Researchers from the University of California College of Engineering in Berkeley will help to assess land at agricultural sites, collect marine data, and study the state of land and rock at construction sites.
When you look at sea crabs, it may seem like underground digging is a simple process, but the deeper the animal digs, the more the grains are pushed away, the more difficult the excavations are explained by the designers of the device.
In order to overcome this problem and create a vertical foot cop, researchers designed the robot's legs to respond to anithropic force, which means that they experience much more power in one direction than in the other. Like a swimmer, the robot's soft tissue legs expand with a lot of effort during the scavenging and then fold into the body.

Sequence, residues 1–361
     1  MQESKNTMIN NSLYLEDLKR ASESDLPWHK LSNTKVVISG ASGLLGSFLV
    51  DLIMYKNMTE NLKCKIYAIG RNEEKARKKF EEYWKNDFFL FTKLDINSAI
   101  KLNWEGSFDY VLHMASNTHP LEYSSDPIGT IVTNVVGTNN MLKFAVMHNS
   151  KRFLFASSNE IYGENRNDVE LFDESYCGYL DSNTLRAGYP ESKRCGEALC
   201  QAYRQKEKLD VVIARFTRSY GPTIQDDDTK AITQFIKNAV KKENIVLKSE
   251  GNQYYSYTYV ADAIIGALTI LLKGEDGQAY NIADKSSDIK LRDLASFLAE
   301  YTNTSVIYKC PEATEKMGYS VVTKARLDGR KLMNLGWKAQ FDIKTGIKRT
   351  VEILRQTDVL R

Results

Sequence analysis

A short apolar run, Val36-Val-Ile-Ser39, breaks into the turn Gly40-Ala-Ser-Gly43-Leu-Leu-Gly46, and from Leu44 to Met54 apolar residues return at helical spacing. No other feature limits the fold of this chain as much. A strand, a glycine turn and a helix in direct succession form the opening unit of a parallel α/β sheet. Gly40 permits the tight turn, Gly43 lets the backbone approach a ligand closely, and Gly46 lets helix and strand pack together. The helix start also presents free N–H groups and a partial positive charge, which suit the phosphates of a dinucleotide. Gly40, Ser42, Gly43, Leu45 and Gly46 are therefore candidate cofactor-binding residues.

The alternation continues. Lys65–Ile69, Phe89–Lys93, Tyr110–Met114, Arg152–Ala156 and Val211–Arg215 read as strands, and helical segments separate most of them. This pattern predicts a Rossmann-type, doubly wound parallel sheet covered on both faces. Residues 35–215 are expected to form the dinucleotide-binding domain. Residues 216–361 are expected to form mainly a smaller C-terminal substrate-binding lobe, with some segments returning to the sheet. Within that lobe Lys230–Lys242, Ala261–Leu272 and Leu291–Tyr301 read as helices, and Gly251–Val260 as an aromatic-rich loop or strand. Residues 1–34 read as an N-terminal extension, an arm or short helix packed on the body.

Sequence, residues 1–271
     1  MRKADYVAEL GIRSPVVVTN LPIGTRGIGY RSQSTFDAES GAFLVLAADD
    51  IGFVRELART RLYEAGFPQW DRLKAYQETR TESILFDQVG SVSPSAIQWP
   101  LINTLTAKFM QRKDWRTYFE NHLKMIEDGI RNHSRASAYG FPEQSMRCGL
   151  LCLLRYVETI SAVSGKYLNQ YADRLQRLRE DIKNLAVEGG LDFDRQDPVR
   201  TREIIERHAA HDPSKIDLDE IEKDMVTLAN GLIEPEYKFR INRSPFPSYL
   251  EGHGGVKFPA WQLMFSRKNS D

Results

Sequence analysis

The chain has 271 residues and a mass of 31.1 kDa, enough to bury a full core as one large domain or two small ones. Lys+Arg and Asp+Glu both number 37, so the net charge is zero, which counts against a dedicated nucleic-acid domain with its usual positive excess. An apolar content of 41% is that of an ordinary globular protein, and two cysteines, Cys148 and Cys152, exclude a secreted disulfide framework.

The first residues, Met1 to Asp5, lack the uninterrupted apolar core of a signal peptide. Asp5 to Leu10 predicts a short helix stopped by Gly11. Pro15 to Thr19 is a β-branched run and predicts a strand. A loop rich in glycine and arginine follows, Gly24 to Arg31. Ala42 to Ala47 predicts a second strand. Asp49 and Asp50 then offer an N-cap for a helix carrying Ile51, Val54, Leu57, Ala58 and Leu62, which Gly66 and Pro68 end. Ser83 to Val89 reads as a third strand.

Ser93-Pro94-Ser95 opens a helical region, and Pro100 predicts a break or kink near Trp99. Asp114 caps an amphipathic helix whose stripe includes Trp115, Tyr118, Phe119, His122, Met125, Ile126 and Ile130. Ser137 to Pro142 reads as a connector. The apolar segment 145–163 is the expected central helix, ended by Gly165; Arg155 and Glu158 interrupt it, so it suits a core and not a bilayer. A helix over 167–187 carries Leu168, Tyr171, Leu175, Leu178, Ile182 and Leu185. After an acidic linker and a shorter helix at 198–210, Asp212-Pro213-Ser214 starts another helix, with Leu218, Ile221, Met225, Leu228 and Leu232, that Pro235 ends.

The second problem was the pollution and failure of the machinery due to sands, which scientists also found in Emerita Analoga, and the engineers created a cuticulus similar to the arthrodial crab-crote membrane, which is a soft and flexible material that removes joint holes and prevents grains from coming in, but allows the robot to move freely.
Robots capable of exploring underground space can be used in a variety of industries and research areas; for example, they can measure the soil quality of potential agricultural land, conduct exploration prior to construction work, and explore the seabed.